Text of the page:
Bill aims to repeal corn ethanol mandate

By Agri-Pulse staff

© Copyright Agri-Pulse Communications, Inc.



WASHINGTON, June 18, 2014 -- It's not the first and it won't be the last. Legislation introduced by Rep. James Lankford, R-Okla., would repeal the corn ethanol mandate under the Renewable Fuel Standard (RFS).

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But Lankford's bill would also require the remaining mandates set by the RFS, including biodiesel and advanced biofuels, to be fulfilled with domestic production, eliminating, for example, imports of ethanol from Brazil being counted under the standard.

Lankford, the chairman of the House Oversight Committee's Subcommittee on Energy Policy, Health Care and Entitlements, and representing a district in an oil-rich state, said “the RFS is not meeting its original purpose of achieving American energy independence, and its impossible mandates are needlessly overburdening American consumers, energy refiners and producers.”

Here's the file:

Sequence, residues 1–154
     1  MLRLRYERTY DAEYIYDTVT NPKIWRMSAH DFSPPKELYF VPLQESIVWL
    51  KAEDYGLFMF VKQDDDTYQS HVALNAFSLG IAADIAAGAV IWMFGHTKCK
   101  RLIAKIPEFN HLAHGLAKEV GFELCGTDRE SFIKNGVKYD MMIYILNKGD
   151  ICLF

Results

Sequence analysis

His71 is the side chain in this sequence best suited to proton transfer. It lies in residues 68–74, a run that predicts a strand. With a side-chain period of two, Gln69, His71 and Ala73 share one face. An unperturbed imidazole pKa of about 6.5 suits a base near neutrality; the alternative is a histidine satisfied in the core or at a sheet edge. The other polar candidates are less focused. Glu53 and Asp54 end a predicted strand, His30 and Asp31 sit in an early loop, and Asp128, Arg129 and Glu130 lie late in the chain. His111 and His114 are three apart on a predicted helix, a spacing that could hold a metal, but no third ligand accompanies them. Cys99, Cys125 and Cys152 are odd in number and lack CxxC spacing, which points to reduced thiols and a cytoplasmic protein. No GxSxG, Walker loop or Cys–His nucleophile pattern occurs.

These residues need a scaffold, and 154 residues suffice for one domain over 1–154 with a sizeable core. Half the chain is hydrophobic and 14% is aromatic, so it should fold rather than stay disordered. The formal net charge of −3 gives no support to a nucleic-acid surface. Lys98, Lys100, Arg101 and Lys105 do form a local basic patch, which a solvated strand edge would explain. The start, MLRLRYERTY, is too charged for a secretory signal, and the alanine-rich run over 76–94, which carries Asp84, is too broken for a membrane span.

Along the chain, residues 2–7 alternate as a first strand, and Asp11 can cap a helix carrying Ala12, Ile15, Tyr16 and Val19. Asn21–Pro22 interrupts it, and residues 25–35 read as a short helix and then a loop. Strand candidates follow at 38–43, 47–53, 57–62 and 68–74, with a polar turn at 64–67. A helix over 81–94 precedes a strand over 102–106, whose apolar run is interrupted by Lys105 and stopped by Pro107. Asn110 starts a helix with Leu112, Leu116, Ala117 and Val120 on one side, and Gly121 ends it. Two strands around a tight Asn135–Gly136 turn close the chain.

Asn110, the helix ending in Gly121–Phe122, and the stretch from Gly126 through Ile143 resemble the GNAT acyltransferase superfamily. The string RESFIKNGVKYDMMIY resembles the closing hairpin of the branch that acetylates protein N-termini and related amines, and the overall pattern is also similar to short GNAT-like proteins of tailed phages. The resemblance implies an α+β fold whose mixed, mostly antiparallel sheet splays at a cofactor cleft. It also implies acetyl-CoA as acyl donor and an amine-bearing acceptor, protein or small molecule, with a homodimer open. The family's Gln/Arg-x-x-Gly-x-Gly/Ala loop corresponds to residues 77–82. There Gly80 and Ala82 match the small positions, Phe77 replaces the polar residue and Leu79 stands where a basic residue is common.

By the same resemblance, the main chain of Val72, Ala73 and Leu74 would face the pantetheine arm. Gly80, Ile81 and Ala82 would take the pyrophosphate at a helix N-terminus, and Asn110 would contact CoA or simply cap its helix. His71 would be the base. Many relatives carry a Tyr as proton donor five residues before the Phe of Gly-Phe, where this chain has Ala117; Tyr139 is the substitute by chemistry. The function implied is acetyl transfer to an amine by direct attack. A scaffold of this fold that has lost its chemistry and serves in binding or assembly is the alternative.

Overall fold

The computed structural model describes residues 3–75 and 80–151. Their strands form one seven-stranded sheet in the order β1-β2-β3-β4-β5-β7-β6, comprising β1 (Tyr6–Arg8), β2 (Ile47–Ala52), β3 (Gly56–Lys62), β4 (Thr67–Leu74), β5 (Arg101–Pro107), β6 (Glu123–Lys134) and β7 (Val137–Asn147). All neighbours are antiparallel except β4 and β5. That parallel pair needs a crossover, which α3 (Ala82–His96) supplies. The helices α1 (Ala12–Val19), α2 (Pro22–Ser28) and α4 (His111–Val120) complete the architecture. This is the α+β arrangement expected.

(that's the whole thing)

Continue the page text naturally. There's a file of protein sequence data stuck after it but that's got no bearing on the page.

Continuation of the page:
He also said lower fuel demand made corn ethanol, which is blended into gasoline, “a product that Americans did not want or that did not exist . . . it was literally a phantom fuel.”

However, Bob Dinneen, president and CEO of the Renewable Fuels Association, called Lankford's bill a “shortsighted effort to undercut the continued growth of renewable fuel.” He said there is more than enough ethanol to meet the RFS, noting that if it did not exist, “the oil companies wouldn't be fighting so hard to protect their monopoly over the nation's fuel supply.”

Dinneen said Lankford's contention that his bill would lower overall fuel prices was wrong because “ethanol is the cheapest transportation fuel in the world,” running 50-60 cents cheaper than wholesale gasoline and lowering the price at the pump.

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